Yes-- at least on the server side.
In a recent federal drug trafficking case (.pdf), the USDC for the Eastern District of Calif. was able to convince a Canadian court to issue an order granting the U.S. Drug Enforcement Administration access to clear text copies of encrypted emails sent through a Canadian email service called Hushmail ...
The defendant in this case allegedly used Hushmail as a communication tool to procure and sell anabolic steroids, a controlled substance. According to a Wired Blog Network post, Hushmail's Chief Technology Officer Brian Smith indicated the key technology issue is that Hushmail's email encryption service is performed on the company's email servers involving a non-Java configuration. This requires that users place a higher level of trust in Hushmail's servers as a trade off for the better usability they get from not having to install Java and load an applet on their own PC (excerpt from The Register Hushmail open to Feds with court orders)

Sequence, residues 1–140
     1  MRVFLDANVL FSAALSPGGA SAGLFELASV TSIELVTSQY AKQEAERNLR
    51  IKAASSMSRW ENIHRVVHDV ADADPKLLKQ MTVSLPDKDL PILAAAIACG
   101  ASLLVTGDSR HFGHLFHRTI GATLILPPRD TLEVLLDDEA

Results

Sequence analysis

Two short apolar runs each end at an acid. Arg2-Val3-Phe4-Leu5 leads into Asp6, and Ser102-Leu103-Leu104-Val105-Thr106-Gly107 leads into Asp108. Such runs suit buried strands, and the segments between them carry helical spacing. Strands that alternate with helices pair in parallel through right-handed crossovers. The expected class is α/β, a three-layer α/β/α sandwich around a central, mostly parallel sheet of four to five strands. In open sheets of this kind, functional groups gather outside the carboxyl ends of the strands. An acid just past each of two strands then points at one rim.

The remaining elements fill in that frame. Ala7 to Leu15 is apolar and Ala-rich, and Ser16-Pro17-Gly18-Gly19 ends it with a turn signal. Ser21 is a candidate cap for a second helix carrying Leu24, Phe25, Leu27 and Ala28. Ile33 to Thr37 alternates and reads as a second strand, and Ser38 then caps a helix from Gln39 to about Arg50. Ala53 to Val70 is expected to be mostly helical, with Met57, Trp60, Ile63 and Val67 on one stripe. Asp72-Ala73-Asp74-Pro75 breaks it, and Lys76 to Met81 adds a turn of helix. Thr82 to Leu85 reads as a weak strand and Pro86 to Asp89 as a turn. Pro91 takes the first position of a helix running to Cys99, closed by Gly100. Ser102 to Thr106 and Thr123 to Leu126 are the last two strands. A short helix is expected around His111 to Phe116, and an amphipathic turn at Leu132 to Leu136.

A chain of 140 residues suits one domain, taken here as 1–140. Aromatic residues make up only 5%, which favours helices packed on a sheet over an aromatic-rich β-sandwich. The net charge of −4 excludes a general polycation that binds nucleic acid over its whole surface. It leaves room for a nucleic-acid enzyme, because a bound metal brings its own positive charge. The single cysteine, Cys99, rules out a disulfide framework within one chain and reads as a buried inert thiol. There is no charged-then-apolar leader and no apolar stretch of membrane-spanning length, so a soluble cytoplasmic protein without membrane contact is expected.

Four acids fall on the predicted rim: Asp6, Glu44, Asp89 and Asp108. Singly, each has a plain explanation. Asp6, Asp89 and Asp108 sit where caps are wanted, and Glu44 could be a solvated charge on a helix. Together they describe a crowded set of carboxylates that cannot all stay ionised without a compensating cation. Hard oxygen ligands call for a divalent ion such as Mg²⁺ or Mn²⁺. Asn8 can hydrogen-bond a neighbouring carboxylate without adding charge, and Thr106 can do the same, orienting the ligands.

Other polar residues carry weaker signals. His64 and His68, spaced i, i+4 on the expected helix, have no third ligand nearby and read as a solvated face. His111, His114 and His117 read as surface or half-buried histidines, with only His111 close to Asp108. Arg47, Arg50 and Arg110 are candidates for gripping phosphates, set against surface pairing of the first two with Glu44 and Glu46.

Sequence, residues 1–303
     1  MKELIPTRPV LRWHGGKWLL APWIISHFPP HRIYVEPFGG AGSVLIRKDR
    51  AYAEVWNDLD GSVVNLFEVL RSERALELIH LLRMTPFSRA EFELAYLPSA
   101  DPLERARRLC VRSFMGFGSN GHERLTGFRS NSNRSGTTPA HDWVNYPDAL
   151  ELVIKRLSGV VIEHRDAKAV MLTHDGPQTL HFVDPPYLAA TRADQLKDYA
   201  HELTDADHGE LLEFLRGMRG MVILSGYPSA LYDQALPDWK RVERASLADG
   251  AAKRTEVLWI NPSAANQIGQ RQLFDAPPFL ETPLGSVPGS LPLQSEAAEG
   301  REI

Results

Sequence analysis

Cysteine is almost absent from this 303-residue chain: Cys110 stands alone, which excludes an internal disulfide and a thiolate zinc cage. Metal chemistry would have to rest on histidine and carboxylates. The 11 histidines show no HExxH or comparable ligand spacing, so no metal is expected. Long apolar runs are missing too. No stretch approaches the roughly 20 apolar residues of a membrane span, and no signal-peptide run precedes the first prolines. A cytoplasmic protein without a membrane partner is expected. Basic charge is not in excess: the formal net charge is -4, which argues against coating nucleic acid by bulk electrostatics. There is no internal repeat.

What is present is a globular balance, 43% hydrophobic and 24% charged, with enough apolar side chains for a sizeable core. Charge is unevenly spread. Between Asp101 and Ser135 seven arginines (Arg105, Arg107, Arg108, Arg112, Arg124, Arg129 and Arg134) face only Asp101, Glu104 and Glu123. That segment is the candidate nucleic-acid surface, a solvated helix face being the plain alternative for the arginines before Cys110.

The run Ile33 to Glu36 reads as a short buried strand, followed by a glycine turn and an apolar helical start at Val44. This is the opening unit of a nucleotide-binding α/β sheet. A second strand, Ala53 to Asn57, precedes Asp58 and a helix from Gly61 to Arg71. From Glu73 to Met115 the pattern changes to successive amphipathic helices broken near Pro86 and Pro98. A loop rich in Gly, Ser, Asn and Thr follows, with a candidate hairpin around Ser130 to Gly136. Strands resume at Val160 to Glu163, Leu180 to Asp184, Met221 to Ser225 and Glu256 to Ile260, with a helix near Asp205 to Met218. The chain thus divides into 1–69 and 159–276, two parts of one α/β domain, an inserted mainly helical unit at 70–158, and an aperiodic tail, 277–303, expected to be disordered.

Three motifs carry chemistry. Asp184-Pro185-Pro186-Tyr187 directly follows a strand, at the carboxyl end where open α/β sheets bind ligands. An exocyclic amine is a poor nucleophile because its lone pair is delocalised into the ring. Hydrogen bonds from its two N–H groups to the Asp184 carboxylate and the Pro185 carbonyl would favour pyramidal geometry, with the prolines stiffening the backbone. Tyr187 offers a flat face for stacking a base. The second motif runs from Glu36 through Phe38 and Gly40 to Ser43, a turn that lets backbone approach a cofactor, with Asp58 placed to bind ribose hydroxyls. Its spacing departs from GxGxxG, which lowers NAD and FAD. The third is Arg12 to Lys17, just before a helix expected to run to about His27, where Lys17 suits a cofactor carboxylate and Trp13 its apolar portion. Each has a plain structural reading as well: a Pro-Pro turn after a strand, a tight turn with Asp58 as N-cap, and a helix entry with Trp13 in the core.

Although the incident illustrates that encrypted email designed for the security-conscious can be decrypted based on a court order, it is unclear on whether a client-side Java-based encryption operation such as Pooka would have been equally applicable in this case.